Multijackbolt tensioners (MJT) are heavy-duty bolt-tightening devices that engineers use on critical equipment, especially those with bolts exceeding an inch in diameter. And though they seem complex with several components, they are less expensive and more reliable than the alternatives.
THE ABCs OF MJTs
Basically, an MJT consists of a round, toroidal nut body with threads on the inside that match the fastener being tightened. A series of holes drilled and tapped for hardened jackbolts circle the top of the nut body and go all the way through it, top to bottom. The preassembled device replaces existing hex nuts and bolts.
When installing an MJT, a hardened washer first goes over the bolt, rod, shaft, or stud being tightened. It gives the jackbolts a hard surface to press into and protects the bearing surface of the equipment being worked on. The nut body is screwed hand tight onto the fastener. Jackbolts are then tightened with a hand held torque wrench or air tool. This pushes the nut body away from the washer, generating tension on the bolt and stretching the main thread.
An MJT and its multiple jackbolts, in effect, replace a single, much larger nut. As a result, each jackbolt needs much less torque to tighten than the original nut. For example, to prestress a 4-in., 8-tpi bolt to 45,000 psi (520,650 lb of preload), a standard nut would need 30,650 lb-ft of torque. Generating the same prestress on an MT Series MJT needs only 190 lb-ft on each jackbolt.
EASE OF USE
Many of the advantages of MJTs can be summed up by the term "ease of use." Though more jackbolts must be used, they can be installed and removed by hand tools. So MJTs don't require large, heavy wrenches or exotic tightening methods. This also means MJTs can be located almost anywhere and still be quickly and easily serviced. For example, taking off the end nuts on pistons in reciprocating compressors generally calls for clamping the piston rod to torque and untorque the nut. But this can damage the rod surface, which must slide through packing material that is also susceptible to damage. Oftentimes, the nut must be machined away to remove it. In an extreme case, a gas company had to load the entire piston and rod onto a truck to ship it elsewhere when the piston needed work. Switching to MJTs let them do all their piston work on site at a workbench, saving shipping, downtime, and costs for outside maintenance.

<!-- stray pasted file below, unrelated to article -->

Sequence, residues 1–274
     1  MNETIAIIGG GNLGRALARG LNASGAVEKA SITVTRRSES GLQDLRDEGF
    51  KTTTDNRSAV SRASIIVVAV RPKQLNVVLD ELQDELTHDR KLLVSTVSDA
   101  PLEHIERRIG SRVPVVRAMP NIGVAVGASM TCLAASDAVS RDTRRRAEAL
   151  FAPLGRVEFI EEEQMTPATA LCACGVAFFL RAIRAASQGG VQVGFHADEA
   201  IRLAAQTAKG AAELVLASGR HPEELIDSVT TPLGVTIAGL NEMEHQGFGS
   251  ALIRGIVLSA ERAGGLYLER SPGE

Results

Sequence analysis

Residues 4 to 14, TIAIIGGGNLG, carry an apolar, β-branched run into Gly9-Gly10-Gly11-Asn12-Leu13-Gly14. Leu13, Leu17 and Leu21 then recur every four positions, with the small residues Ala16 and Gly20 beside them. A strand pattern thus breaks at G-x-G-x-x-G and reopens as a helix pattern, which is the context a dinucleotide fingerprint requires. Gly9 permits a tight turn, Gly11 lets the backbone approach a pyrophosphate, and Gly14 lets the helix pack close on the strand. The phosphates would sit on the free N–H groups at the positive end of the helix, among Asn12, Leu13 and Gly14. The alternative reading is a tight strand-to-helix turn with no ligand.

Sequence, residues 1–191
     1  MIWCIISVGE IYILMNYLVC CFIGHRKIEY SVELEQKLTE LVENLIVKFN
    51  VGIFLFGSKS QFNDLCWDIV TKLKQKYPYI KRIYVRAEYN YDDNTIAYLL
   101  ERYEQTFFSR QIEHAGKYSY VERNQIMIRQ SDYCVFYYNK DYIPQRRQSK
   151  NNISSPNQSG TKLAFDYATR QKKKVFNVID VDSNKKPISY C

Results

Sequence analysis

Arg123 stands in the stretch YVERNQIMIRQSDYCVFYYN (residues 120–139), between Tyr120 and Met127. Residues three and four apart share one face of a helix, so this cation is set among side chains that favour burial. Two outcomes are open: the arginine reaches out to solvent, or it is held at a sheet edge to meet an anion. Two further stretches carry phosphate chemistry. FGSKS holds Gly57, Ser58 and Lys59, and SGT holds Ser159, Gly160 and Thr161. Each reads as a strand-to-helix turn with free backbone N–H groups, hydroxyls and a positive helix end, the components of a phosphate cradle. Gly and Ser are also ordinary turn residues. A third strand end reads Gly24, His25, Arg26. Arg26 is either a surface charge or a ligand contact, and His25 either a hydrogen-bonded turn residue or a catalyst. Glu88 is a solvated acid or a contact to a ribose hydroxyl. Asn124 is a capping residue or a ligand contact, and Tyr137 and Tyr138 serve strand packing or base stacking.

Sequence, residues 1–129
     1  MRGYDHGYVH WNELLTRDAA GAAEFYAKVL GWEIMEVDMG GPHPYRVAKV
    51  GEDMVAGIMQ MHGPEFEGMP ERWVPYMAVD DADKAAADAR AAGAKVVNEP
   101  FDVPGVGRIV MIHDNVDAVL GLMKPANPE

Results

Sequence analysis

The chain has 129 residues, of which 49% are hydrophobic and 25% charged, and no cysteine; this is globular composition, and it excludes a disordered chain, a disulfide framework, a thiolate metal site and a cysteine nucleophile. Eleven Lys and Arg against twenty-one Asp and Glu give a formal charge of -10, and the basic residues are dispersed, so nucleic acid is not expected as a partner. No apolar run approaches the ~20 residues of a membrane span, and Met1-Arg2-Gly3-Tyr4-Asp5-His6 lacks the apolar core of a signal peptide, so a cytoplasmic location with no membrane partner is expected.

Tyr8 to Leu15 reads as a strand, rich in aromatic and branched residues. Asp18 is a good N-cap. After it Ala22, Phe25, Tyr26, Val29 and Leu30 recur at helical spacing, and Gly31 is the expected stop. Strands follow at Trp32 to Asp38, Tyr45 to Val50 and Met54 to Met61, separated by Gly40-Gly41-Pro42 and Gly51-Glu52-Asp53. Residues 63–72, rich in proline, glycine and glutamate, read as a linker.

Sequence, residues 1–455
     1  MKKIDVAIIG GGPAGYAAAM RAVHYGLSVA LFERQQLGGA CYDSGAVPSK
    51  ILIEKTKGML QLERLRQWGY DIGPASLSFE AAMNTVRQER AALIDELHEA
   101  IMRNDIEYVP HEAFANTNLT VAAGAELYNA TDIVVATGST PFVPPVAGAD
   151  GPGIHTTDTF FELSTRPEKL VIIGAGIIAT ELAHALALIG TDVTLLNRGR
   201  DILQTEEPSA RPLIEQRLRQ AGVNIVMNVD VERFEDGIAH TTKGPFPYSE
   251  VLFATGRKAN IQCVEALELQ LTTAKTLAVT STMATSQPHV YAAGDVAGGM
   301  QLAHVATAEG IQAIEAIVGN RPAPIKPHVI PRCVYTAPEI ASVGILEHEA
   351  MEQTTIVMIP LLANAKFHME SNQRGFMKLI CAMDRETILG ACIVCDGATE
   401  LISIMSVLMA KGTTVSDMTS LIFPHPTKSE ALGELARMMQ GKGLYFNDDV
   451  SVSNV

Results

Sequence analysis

And although MJTs can have more parts than the oversized nuts and bolts they replace, they save time and are quickly adjusted to new prestress levels in as little as a couple of minutes.
A common alternative is to use an extensiometer to check bolt tension, use a bolt heater to change the prestress in the bolt, then recheck the bolt with the extensiometer. If the value is off, workers must warm up the bolt heater and do it again. In one case, a turbine manufacture spent three days setting up extensiometers and heaters to check and adjust a bolt. After installing MJTs, the task was reduced to a single day.
And where large bolts need large tools, the small hand tools used on MJTs let several workers tighten jackbolts on the same MJT at the same time.
Another, less-obvious way in which MJTs save time is that they avoid the problem of studs seizing when trying to remove an oversized bolt from a blind hole. Threads on a stud can gall or rip under the high torque used to attach the bolt. It can take several shifts or even days to drill or machine the frozen stud. MJTs tighten studs in pure tension, so the risk of thread damage is reduced. Once workers unload the jackbolts, the nut body and stud are easily removed by hand.